Congratulations to Eldon Newcomb

Professor Eldon H. Newcomb, Folke Skoog Professor of Botany at the University of Wisconsin, Madison, was elected to the National Academy of Sciences last April. He is one of the most distinguished pioneers in plant cell biology--his research program can be described as trail-blazing with a number of firsts in the field of plant cell ultrastructure, including his work on microtubules, microbodies, and coated and spiny vesicles. Dr. Newcomb's current research on cellular specialization of nitrogen-fixing root nodules in legumes has characteristically been ground-breaking. In all of his

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publications he has promoted the highest of standards in ultrastructural investigation of plant cells; his impact on the field of plant cell biology has been enormous. In addition to being a contributor at the cutting edge of plant science, Dr. Newcomb is a highly regarded and dedicated teacher.

IN MEMORIAM

Amy J. Gilmartin

Amy Jean Gilmartin, noted botanist at Washington State University, died February 10, 1989 at her Pullman home. She was director of the M. Ownbey Herbarium at WSU. Dr. Gilmartin received a bachelor's degree in biology at Pomona College in 1954 and a master's in botany from the University of Hawaii in 1956. She was a research assistant in Hawaii at an agricultural research station from 1954 to 1955. During that time she and her husband lived aboard their 36-foot sailing boat, and sailed to Los Angeles following graduation. From 1956 to 1958 she was the assistant curator of the Herbarium at the University of British Columbia in Vancouver. She was also a botany teaching assistant and a research assistant in forest genetics.

From 1962 to 1964 Dr. Gilmartin was "profesora contratada" at the Universidad de Guayaquil, Ecuador, and led her first expedition to the Galapagos Islands in 1963 for that university. In 1965 she received her doctorate in botany from the University of Hawaii and was a visiting researcher at the San Diego Natural History Museum. Dr. Gilmartin was a research associate in botany at the Smithsonian Institution from 1969 to 1970 and an assistant professor of biology at Hartnell College, Salinas, California. From 1970, she was instructor in the department of biology at Monterey Peninsula College, California. From 1975 to 1978, she was assistant professor of Botany at WSU and has been an associate professor there since 1979. Dr. Gilmartin came to Pullman to direct the Marion Ownbey Herbarium at WSU, a position she held until going on sabbatical leave last year.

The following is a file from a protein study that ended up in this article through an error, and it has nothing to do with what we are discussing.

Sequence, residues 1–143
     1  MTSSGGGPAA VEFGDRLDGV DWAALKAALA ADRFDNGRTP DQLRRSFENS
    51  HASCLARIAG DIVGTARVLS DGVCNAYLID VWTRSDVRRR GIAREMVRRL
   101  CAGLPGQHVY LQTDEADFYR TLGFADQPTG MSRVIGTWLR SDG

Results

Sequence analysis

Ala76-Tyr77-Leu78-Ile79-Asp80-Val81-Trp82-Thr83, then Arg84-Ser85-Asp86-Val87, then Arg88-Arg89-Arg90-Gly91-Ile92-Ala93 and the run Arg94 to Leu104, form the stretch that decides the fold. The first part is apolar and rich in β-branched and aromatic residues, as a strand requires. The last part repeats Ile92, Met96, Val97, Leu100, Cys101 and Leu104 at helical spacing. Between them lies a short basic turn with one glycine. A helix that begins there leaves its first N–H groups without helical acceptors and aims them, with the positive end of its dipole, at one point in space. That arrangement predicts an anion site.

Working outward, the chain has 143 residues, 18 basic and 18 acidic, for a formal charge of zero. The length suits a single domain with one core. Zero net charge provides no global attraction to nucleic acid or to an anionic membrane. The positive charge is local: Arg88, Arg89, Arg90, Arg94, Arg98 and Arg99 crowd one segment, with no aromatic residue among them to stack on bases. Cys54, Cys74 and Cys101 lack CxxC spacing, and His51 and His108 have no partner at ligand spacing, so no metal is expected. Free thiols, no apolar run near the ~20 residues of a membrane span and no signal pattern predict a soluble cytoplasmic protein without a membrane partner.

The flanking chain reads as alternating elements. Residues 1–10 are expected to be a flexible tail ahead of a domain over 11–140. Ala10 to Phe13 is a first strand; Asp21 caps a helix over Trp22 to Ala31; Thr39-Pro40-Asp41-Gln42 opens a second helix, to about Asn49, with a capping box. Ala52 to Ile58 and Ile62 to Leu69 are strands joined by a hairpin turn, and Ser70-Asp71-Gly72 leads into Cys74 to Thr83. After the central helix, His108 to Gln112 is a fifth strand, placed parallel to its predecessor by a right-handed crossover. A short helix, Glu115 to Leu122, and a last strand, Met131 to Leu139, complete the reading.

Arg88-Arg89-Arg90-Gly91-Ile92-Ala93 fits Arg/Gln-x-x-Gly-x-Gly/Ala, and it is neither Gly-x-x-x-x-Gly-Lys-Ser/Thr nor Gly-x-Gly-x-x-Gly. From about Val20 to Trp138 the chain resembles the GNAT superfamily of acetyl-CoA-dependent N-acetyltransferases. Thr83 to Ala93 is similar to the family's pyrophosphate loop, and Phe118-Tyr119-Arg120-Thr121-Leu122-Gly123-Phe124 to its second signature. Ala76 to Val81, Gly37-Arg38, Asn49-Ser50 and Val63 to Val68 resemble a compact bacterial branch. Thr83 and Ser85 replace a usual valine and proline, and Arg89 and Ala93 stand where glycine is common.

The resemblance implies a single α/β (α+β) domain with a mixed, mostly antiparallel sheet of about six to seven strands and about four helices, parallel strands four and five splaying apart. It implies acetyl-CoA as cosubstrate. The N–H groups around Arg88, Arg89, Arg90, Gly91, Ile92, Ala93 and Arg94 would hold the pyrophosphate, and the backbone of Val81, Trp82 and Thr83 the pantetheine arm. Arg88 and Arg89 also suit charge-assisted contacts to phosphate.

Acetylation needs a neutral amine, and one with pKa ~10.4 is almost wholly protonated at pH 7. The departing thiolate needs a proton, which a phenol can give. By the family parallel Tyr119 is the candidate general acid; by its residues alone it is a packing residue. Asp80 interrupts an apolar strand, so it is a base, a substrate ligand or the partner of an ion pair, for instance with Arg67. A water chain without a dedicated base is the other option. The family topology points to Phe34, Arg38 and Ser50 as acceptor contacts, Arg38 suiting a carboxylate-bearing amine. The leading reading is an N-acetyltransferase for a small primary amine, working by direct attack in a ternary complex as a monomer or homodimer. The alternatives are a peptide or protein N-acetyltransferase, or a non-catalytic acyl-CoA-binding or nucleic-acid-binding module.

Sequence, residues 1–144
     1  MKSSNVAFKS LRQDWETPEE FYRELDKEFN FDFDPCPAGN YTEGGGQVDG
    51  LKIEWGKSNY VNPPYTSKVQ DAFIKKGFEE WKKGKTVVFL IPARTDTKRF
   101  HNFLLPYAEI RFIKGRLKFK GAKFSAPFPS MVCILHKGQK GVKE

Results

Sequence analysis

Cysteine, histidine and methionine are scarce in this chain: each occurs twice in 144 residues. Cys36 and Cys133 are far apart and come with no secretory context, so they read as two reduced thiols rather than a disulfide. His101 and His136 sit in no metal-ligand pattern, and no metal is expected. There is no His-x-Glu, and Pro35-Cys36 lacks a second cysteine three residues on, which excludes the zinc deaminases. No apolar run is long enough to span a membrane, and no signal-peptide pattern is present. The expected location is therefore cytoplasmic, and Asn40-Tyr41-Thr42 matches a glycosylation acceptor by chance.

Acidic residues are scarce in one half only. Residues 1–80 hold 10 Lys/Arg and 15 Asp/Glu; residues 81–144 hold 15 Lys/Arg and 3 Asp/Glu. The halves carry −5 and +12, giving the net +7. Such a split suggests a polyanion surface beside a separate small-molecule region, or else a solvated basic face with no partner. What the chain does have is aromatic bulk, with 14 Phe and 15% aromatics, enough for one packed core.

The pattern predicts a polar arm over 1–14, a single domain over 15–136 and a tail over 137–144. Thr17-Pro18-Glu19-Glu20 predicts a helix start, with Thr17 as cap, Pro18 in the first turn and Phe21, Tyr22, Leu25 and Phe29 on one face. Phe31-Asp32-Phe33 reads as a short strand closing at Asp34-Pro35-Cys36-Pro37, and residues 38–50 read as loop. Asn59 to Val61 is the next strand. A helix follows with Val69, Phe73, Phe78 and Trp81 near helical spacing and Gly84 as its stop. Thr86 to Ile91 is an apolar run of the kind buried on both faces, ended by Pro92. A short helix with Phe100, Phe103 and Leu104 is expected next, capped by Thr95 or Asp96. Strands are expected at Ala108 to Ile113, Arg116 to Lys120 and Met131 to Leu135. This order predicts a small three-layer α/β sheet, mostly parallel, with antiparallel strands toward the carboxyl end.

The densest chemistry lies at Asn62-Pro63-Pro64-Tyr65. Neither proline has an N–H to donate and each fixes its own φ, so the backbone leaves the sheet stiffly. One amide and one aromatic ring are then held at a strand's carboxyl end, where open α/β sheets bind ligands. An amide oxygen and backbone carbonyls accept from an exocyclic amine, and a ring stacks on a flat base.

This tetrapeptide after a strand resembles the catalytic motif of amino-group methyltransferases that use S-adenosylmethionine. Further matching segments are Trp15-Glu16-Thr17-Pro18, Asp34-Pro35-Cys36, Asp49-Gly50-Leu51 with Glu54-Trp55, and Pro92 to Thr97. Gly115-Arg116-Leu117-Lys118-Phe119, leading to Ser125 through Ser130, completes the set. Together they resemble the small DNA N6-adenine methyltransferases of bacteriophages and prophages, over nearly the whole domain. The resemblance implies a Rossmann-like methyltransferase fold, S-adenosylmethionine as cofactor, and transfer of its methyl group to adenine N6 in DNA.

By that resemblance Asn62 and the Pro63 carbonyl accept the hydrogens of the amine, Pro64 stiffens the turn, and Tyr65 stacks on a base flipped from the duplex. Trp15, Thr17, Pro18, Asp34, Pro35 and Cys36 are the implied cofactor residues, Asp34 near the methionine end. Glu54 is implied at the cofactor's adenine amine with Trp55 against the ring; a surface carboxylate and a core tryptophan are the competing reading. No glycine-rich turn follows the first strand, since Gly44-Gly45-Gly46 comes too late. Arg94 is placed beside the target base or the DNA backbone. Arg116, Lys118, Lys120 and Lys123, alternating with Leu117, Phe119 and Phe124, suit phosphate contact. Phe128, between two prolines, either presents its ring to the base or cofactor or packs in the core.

She was a published poet, a hiker, skier, tennis player and sailboat enthusiast. Her professional service included: 1977-78 Vice-President, California Botanical Society; 1978-1980, member of the Council of the American Society of Plant Taxonomists (ASPT); 1979, member of the editorial board for Monograph Series, ASPT; member, editorial board, California Botanical Society. (Idahonian/Daily News, Moscow, ID, 2/13/89)

William C. Steere

William Campbell Steere, president emeritus of the New York Botanical Garden, died February 7, 1989 in Bronxville, NY. Dr. Steere, who earned doctoral degrees from the University of Michigan and the University of Montreal, taught at the University of Michigan from 1931 until 1950, becoming chairman of the biology department. He was dean of the graduate division of Stanford University from 1950 to 1958. In 1958, he became director of the New York Botanical Garden and a professor botany at Columbia University. He retired from the garden in 1972. Dr. Steere was an authority on mosses and belonged to many botanical organizations.